• 13 Dec 2022 12:34 PM | Anonymous member (Administrator)
    Led by Serena Bruzgo, President, Craig Hospital Photo of Serena wearing a grey suit and smiling directly at the camera. She has brown wavy hair. Foundation


Fundamentals ~ Joy of This Work

    Know Thyself: 
Use your strengths and those of your team members.
Love your Donor
Be authentic in sharing your joy and appreciation. Honor your relationship.
Donor Ready Initiatives
: Participants received thoughtful questions to ask themselves when considering readiness that can be tailored to each relationship. (i.e. Will this make good business sense to the donor? Will be donor be surprised by the amount, project, or timing?)
Give the Gift of your Time
: Map out your time on your calendar and protect the time needed for planning, reporting, research, stewardship, and in-person meetings or events.
    Invite with Dignity: Be sure that you and the donor are prepared for the invitation. Throughout your time together, you can identify lots of "little yeses" you've received along the way and leading you towards the invitation.
  • 01 Dec 2022 10:43 AM | Anonymous member (Administrator)
    Led by Martine Hyland (ILD '13, pictured center), Philanthropy Director, Children’s Hospital Colorado Right to left: Sarah, Martine, Shawna are smiling at the camera after the session. Foundation & Lauren Wise (ILD ' 20), Philanthropic Advisor, CU Anschutz *

    *Shawna English (ILD '21 pictured right), Philanthropy Director, Children's Hospital Colorado Foundation filled in for Lauren who wasn't able to join us this year but graciously shared her wonderful content.


    • Remember that it’s okay to ask permission. If you're worried you're not calling at a good time, just ask. Often people are happy to have you call again at a better time.
    • Whether you're meeting in person or over the phone, keep this research based statistic in mind. The effectiveness of your communication comes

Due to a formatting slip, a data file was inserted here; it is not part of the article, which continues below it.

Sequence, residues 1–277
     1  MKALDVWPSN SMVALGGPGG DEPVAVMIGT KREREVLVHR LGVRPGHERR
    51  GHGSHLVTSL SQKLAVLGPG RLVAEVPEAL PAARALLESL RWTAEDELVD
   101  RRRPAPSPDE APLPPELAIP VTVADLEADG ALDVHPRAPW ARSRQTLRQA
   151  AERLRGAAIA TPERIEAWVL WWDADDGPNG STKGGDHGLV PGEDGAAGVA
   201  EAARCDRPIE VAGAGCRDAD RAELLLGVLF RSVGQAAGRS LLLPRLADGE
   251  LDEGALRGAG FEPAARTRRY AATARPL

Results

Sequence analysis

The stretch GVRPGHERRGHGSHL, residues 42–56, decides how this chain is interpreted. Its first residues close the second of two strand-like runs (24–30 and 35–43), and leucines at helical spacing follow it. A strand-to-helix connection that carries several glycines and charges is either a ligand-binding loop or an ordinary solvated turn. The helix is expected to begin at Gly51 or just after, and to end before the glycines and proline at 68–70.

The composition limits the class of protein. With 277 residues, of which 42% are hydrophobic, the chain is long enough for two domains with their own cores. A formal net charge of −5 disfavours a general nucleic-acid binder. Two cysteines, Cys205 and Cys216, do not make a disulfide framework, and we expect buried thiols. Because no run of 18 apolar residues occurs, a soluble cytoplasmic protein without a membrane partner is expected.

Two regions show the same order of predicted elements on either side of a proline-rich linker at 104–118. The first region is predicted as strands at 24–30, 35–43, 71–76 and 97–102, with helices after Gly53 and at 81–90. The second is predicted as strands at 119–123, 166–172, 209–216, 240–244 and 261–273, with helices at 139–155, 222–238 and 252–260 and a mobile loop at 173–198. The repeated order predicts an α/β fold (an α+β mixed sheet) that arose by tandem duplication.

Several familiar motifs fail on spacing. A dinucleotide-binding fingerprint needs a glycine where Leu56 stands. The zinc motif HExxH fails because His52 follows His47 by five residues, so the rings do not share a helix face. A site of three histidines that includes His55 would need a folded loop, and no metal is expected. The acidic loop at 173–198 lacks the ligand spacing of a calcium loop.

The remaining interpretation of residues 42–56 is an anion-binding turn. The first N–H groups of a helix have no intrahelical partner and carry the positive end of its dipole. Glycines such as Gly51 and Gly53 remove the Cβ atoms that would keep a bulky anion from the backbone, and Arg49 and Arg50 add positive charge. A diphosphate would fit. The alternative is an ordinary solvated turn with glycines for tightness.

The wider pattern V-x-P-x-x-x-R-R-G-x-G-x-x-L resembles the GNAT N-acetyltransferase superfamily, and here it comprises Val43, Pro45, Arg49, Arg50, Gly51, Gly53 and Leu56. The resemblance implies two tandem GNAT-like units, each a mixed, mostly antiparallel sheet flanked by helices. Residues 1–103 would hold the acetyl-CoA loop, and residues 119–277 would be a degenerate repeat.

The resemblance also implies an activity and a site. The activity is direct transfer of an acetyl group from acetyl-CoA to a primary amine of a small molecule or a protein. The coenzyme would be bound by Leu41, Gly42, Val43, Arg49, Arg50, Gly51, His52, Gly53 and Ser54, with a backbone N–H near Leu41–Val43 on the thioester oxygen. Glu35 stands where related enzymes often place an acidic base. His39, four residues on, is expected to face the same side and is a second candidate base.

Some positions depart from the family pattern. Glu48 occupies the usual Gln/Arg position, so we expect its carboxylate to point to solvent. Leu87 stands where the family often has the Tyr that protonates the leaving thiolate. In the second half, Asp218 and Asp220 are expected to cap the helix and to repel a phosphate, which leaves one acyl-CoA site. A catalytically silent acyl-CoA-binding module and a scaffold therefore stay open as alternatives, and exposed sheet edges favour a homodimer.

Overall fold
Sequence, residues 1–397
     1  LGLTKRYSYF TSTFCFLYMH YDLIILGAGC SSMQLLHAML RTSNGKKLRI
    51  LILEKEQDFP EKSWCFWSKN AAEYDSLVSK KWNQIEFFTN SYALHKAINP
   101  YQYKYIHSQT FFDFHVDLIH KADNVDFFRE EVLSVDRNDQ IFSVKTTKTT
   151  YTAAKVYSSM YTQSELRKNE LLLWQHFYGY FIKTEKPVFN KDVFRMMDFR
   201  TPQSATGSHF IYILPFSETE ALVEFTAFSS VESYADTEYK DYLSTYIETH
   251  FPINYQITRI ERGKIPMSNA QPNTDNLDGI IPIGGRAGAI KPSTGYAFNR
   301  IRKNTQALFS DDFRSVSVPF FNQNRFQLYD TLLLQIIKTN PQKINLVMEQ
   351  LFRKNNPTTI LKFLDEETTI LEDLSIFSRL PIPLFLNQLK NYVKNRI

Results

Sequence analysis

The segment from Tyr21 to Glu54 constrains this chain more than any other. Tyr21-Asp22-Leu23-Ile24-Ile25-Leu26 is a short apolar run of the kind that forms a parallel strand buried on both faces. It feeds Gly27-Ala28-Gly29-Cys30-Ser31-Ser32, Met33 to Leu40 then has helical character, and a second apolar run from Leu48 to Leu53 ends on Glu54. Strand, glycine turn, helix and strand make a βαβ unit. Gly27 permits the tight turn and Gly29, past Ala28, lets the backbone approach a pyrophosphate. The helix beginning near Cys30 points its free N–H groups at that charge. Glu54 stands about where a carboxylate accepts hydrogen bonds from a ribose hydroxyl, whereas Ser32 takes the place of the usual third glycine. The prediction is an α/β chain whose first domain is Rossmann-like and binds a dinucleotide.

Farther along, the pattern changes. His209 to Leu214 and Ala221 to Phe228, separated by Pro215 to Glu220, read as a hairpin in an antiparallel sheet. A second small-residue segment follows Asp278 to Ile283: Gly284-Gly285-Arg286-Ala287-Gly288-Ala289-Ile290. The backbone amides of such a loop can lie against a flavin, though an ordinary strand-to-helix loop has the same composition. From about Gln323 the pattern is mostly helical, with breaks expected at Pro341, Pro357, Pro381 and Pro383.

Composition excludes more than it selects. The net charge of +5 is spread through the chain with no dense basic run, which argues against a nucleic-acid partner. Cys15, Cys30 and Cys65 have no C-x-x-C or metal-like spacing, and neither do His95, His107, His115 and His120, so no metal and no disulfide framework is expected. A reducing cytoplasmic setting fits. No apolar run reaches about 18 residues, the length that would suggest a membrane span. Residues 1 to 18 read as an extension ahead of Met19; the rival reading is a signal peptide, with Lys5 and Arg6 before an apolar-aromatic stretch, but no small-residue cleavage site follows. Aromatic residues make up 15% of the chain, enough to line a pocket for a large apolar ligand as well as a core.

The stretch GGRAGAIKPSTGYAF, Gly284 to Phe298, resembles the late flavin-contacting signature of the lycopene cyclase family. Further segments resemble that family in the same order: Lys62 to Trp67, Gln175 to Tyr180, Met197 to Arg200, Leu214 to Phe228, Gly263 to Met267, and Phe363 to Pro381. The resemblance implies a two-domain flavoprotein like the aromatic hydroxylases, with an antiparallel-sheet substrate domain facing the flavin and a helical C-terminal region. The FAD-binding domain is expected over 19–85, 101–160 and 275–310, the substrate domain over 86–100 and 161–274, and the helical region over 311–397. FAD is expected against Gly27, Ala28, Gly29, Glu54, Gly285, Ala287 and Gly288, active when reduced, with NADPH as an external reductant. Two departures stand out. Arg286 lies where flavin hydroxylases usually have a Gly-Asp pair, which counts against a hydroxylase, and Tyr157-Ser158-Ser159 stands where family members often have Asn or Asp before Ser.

7% from the words that you say;
      38% from the tone of your voice;
      50% or more from your body language.
      Over the phone, changing your body language could translate to having a more successful conversation even though the donor can't see you. Many find they have a better energy and tone when they're standing up or walking vs. seated.
    • Reaching donors over the phone can be tricky. Martine shared, "Be persistent, I’ve never been scolded for it." Your donors are busy, busy people. By being persistent, they have more chances to get back to you when they may have a pocket of time.
    • Martine and Shawna acknowledged that sometimes we're reaching out to donors who may have had a negative experience in the past, or just not have been contacted recently. These can still be successful conversations. They suggest saying "Thank you for your patience" vs. "I’m sorry." Another helpful phrase can be, "I’m so glad you shared this with me and I’ll make it right." These can be more powerful and more positive.
  • 01 Dec 2022 10:25 AM | Anonymous member (Administrator)

    Led by Christy Clay (pictured top right), Strategic Planning & Christy is smiling at the camera. Backdrop is a brick wall. She has her hair up and is wearing a navy suit jacket.Organizational Effectiveness Facilitator, and Jen Darling (pictured bottom right), President & CEO, Children’s Hospital Colorado Foundation. Jen is also one of the founders of ILD!
    Jen is smiling at the camera. She has curly brown hair and is wearing a white blouse.

    Highlight - Final Thoughts 

    Manage/plan from where you are – even if you don’t have a development plan for your org or department, you can still make/manage your own plan

    Hold yourself accountable – Find a measurement schedule that works well for you and go back and check in 

    Control your time – Am I talking with the people who matter the most? How am I aligning with stakeholders and my direct reports?

    Am I meeting your expectations? Ask this question of your team 

    BIG VISION – Begin with the end in mind 

    Focus and Filter – Be discerning and don’t follow every idea that sounds good. Being grounded in your Yes will help you say No.

    Jen and Christy shared the science behind simplifying your work and focusing on your priorities...including living a balanced life and setting boundaries that work for you.